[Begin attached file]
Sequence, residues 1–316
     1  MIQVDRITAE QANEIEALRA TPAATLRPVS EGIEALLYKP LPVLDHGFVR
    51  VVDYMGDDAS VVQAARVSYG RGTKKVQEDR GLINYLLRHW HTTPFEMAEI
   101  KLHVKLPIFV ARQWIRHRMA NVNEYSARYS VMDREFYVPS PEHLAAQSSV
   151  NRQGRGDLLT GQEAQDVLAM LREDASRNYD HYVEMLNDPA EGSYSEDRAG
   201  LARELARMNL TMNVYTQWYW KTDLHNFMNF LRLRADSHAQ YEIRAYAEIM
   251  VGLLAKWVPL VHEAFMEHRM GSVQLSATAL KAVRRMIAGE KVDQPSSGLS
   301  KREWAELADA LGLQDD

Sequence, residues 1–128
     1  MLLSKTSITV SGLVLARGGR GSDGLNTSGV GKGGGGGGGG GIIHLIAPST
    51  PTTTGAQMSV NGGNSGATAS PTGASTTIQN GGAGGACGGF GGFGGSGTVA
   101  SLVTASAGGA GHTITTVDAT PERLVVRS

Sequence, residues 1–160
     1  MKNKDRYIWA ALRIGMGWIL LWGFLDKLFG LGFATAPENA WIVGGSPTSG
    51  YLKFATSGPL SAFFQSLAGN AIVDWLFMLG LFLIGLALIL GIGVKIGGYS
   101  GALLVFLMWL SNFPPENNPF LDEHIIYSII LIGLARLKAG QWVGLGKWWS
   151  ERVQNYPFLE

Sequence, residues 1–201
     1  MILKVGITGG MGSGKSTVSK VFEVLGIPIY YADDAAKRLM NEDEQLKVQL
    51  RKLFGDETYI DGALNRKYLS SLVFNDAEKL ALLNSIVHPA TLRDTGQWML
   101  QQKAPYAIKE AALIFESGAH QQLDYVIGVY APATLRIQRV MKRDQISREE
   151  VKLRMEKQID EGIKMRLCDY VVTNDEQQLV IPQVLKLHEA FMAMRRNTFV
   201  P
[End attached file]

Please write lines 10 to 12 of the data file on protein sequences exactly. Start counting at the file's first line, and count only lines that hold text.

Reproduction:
     1  MLLSKTSITV SGLVLARGGR GSDGLNTSGV GKGGGGGGGG GIIHLIAPST
    51  PTTTGAQMSV NGGNSGATAS PTGASTTIQN GGAGGACGGF GGFGGSGTVA
   101  SLVTASAGGA GHTITTVDAT PERLVVRS